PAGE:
Cannabis is technically illegal in Belgium, but personal possession has been decriminalised since 2003; adults over the age of 18 are allowed to possess up to 3 grams.
From 2005 full prosecution is enacted for cases of possession wherein the carried amount exceeds 3 grams, or aggravating circumstances are identified including ‘blatant’ possession in a public place or an environment where children might be present. For instances where larger amounts are in possession, the details of the prosecution are dealt with on a case-by-case basis, leaving the boundaries of cultivation limits unclear. As a member of the United Nations (UN), the European Union (EU), and the European Council (EC), Belgian drug policy is affected by international treaties which prohibit the large-scale production, distribution, and trade of cannabis. In the previous and ongoing developments of its drug policy, Belgium has remained within the frameworks of international and European law.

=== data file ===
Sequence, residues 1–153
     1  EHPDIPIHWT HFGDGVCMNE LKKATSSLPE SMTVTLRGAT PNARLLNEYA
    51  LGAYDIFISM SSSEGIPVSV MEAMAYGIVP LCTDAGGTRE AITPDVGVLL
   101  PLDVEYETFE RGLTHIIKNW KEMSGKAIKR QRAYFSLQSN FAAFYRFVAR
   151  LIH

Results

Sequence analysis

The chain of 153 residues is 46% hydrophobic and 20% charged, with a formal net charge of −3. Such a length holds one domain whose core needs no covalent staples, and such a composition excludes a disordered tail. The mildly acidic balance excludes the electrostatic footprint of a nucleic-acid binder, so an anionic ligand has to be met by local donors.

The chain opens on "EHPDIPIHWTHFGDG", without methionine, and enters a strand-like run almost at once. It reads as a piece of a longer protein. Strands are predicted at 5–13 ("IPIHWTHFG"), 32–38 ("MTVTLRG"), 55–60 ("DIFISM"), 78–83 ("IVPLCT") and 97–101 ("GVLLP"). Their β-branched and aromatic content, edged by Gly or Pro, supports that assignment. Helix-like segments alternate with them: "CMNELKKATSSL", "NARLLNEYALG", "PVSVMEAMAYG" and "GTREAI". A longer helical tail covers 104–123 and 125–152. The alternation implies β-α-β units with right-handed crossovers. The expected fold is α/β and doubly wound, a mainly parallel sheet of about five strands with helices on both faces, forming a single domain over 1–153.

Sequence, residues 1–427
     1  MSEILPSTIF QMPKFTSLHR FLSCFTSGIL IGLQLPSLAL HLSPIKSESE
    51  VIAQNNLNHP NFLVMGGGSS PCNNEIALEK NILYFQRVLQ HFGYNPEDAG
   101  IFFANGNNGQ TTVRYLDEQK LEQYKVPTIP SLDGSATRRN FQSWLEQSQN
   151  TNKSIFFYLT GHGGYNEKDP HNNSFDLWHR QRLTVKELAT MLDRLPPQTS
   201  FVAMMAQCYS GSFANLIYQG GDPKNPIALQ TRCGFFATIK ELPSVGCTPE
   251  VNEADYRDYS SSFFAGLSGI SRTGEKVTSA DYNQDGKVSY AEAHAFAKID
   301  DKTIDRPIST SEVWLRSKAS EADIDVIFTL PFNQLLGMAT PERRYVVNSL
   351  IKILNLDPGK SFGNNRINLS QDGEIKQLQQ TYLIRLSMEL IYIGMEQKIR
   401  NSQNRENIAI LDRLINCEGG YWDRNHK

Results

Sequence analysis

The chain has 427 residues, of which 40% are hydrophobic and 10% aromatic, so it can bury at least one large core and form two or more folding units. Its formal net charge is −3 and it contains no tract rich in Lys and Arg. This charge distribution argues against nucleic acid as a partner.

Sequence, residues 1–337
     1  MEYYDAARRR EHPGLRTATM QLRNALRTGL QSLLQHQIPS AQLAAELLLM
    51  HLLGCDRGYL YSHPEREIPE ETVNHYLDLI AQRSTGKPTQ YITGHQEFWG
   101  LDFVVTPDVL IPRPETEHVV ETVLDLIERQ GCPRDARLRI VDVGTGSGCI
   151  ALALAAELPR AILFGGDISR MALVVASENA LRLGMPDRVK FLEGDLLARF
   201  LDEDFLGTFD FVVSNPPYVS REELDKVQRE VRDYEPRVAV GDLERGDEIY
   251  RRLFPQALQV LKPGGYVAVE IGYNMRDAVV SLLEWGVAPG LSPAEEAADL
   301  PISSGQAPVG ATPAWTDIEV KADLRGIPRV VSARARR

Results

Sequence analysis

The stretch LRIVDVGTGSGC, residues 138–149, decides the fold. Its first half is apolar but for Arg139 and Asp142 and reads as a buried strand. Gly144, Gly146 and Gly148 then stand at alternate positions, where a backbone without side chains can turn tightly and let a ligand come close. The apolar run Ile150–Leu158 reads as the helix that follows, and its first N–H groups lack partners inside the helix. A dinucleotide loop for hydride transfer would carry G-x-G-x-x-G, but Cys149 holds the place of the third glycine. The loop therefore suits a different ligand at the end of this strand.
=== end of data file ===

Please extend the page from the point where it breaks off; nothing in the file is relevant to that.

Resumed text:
Medicinal cannabis in Belgium
In Belgium, the use of cannabis for medicinal purposes is legal under specific circumstances, and is increasing in prevalence. Since 2015, pharmacists and general practitioners in Belgium have been legally allowed to distribute “prepackaged” cannabis-based medicines, as well as cannaboidal (“CBD”) powder. Individuals requiring medicinal cannabis are technically able to cultivate their own personal growth as long as they follow the restrictions outlined by the legislation of July 1 2019.